Packaging machinery initiatives
The Packaging Machinery Manufacturers Institute (PMMI) and the Grocery Manufacturers Association (GMA) are very good resources for staying up to date on current events with food and product safety initiatives.
The Packaging Machinery Manufacturers Institute (PMMI) (www.pmmi.org) has long played an active role in machine safety. Fred Hayes, PMMI’s technical services director, is active with several international committees that harmonize regulations. PMMI also holds an annual safety conference with hands-on risk assessment workshops. ANSI and PMMI jointly published the B155.1: Safety Requirements for Packaging Machinery and Packaging-Related Converting Machinery standard.
PMMI also offers a risk assessment software tool called PackSafe. (PackSafe is not to be confused with the OMAC PackSafety committee, which is addressing best practices and standards for integrated safety technology.) PackSafe was developed for the packaging industry but is applicable to a variety of industries’ approaches to risk assessment, such as robotics, machine tool, and semiconductor.
Speakers at a recent PMMI-sponsored FSMA workshop suggested that perhaps 80% of FSMA compliance effort will be in terms of hazard analysis and critical control points (HACCP). While this sounds complicated, even the local diner must practice HACCP. Scaling up to large plants, safeguards and documentation become automated. However, these practices are already well established in meat, dairy, pharmaceutical, and other regulated industries.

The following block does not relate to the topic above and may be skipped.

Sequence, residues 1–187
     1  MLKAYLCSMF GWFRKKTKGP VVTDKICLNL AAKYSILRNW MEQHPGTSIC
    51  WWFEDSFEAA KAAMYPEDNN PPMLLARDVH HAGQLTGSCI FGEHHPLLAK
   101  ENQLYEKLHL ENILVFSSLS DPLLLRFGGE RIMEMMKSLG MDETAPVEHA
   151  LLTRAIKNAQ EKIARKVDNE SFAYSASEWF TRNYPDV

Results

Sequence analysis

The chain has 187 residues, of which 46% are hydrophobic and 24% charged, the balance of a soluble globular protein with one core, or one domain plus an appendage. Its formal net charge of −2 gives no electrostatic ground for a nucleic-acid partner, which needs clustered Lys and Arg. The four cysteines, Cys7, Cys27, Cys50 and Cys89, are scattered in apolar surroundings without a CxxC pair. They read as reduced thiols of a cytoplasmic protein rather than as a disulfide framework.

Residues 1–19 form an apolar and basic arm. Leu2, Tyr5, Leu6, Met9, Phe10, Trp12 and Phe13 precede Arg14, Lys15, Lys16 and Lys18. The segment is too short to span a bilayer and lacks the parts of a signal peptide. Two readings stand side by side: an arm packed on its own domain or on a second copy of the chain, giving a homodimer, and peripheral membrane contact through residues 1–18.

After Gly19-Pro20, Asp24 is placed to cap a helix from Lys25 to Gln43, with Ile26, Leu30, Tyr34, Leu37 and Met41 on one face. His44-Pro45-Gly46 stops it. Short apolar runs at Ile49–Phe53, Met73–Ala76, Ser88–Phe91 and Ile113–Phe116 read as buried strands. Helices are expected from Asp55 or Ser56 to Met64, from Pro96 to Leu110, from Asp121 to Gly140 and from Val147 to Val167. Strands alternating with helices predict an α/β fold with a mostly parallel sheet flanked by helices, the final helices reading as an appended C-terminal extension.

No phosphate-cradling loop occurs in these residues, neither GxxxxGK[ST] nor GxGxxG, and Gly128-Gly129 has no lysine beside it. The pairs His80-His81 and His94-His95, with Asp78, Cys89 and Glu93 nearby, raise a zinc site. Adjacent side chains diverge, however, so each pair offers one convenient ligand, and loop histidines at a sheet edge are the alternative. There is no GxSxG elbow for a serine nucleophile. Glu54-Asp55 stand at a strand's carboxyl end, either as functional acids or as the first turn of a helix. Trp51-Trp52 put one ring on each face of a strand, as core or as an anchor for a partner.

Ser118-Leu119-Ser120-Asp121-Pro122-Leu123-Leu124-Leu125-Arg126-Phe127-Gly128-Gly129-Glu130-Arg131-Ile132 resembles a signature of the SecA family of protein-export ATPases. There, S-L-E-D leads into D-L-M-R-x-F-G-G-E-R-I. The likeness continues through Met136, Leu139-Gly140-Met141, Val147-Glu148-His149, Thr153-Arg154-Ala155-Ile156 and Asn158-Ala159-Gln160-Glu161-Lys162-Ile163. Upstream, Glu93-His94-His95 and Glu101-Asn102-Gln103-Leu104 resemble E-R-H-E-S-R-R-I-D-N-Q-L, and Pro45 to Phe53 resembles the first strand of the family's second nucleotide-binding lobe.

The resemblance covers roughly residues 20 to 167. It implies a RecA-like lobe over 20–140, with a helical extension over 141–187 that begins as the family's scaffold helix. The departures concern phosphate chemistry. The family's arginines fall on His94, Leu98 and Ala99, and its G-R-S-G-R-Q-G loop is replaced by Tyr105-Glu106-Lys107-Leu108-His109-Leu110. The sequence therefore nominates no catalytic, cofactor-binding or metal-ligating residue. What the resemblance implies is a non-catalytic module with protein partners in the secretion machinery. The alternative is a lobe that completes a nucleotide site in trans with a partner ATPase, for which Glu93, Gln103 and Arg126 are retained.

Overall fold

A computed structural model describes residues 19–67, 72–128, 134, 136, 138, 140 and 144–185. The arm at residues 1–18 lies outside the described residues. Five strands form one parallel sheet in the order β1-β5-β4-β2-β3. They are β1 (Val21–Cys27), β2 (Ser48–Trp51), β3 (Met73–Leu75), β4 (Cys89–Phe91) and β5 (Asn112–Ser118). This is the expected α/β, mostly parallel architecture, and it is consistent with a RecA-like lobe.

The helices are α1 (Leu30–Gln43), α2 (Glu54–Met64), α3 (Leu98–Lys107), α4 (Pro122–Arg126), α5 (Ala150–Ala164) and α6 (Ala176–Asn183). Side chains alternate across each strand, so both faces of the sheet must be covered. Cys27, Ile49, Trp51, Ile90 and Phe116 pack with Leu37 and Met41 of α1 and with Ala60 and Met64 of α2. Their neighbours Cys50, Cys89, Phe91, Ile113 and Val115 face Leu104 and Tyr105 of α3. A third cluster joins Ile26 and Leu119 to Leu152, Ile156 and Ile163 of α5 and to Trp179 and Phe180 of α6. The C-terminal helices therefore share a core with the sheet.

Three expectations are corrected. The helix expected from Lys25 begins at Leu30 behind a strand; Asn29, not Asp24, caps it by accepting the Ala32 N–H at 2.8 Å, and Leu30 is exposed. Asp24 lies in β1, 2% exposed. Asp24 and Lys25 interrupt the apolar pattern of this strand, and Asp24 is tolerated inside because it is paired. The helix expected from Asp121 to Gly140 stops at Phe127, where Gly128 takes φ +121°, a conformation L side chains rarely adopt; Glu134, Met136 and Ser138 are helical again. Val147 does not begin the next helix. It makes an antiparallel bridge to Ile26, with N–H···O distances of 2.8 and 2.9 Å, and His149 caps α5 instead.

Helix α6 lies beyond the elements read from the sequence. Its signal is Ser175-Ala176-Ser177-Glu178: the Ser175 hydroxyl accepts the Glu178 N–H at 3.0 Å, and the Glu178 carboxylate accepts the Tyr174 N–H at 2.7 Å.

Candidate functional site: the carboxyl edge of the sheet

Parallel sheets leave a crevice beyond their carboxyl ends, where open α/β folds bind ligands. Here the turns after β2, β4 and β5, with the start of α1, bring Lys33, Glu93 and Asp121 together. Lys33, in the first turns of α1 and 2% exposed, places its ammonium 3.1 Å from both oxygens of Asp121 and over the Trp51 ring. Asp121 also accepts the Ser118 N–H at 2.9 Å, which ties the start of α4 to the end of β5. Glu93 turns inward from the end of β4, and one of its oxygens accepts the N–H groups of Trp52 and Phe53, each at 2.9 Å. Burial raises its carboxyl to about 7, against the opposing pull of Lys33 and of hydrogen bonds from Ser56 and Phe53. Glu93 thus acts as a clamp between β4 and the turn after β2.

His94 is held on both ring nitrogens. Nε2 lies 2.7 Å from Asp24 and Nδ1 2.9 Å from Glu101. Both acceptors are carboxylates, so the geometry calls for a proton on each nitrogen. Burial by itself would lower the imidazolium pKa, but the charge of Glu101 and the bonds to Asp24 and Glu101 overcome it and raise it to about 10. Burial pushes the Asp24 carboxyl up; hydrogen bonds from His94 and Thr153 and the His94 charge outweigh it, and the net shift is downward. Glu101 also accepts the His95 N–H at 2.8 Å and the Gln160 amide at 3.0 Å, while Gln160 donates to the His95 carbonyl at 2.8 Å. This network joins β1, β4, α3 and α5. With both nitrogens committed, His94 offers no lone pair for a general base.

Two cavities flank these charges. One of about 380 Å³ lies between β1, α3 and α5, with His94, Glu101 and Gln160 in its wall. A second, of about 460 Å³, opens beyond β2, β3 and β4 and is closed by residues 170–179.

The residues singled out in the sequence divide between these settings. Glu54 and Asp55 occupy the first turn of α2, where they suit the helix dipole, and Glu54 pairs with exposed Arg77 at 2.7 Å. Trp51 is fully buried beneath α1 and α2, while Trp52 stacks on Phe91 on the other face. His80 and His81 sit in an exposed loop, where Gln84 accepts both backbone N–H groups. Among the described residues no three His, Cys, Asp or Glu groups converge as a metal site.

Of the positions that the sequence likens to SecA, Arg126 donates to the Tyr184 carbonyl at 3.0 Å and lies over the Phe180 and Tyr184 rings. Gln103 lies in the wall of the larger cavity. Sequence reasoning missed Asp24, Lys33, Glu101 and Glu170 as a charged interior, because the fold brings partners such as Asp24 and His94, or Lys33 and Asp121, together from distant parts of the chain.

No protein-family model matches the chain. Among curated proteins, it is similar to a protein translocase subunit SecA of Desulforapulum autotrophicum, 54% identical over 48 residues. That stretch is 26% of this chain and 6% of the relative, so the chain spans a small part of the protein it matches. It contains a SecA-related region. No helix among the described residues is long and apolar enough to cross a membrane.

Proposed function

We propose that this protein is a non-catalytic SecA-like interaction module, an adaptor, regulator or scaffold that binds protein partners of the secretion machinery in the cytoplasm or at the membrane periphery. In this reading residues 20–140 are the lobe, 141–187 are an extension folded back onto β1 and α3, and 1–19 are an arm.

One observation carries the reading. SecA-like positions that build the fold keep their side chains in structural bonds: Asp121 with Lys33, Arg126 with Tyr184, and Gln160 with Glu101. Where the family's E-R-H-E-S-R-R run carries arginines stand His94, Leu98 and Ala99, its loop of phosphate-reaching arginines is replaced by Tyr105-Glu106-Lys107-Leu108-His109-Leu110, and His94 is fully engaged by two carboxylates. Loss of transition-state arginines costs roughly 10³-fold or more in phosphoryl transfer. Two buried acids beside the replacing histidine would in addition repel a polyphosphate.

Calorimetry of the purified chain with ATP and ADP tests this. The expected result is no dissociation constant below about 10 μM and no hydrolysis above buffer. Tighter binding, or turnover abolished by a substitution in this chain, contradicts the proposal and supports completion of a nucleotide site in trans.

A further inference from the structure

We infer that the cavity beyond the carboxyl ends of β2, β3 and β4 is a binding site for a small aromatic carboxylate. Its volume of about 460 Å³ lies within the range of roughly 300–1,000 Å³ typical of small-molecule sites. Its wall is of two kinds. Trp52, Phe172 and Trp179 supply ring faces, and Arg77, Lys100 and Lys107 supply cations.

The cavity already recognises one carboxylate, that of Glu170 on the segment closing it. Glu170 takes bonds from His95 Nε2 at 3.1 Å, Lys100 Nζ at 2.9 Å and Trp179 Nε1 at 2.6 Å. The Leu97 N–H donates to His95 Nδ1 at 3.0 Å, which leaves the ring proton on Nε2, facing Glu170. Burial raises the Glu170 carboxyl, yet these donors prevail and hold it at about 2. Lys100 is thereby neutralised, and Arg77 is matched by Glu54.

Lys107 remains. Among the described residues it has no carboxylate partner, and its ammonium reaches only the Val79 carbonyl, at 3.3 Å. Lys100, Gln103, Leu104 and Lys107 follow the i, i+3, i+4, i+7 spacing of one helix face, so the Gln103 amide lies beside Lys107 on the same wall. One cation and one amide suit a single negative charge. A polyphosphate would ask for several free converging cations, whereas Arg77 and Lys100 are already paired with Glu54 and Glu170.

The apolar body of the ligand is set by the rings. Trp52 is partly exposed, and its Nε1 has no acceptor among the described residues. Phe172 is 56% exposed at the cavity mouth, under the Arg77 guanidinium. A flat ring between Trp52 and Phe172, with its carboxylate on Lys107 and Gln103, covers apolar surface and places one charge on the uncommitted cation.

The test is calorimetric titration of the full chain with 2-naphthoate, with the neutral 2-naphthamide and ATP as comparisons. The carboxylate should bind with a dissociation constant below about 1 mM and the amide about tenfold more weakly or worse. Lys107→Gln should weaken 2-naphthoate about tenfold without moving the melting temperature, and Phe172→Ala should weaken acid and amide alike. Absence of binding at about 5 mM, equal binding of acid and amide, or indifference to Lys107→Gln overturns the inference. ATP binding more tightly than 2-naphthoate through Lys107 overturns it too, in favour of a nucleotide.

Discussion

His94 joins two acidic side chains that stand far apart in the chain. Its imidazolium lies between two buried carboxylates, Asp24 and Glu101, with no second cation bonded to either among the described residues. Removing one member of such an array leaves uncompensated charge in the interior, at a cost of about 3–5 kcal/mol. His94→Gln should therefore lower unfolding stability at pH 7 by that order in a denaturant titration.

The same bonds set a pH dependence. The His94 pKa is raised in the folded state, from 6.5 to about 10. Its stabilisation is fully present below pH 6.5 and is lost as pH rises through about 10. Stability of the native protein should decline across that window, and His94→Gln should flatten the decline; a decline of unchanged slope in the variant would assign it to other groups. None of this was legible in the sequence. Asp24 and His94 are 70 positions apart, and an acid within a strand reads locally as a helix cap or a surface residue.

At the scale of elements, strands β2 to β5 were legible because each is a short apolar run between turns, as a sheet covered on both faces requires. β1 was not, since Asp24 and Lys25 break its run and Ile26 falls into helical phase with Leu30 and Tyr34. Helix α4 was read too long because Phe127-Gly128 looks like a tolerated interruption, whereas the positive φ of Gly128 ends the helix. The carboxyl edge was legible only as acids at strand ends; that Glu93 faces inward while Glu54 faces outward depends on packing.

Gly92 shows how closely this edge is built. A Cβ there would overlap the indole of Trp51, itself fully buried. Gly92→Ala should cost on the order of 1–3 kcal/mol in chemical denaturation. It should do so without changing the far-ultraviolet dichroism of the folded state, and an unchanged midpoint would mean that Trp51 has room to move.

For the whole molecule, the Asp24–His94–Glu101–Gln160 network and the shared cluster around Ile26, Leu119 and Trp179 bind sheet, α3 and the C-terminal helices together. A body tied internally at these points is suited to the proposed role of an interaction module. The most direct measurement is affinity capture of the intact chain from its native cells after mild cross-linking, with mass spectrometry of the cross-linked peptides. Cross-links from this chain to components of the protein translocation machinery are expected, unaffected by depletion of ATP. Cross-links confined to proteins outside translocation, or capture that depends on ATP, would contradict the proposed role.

The Grocery Manufacturers Association is a good source of information on food and product safety initiatives, legislation, and advocacy programs.
- Events & Awards
- Magazine Archives
- Oil & Gas Engineering
- Salary Survey
- Digital Reports
Annual Salary Survey
After almost a decade of uncertainty, the confidence of plant floor managers is soaring. Even with a number of challenges and while implementing new technologies, there is a renewed sense of optimism among plant managers about their business and their future.
The respondents to the 2014 Plant Engineering Salary Survey come from throughout the U.S. and serve a variety of industries, but they are uniform in their optimism about manufacturing. This year’s survey found 79% consider manufacturing a secure career. That’s up from 75% in 2013 and significantly higher than the 63% figure when Plant Engineering first started asking that question a decade ago.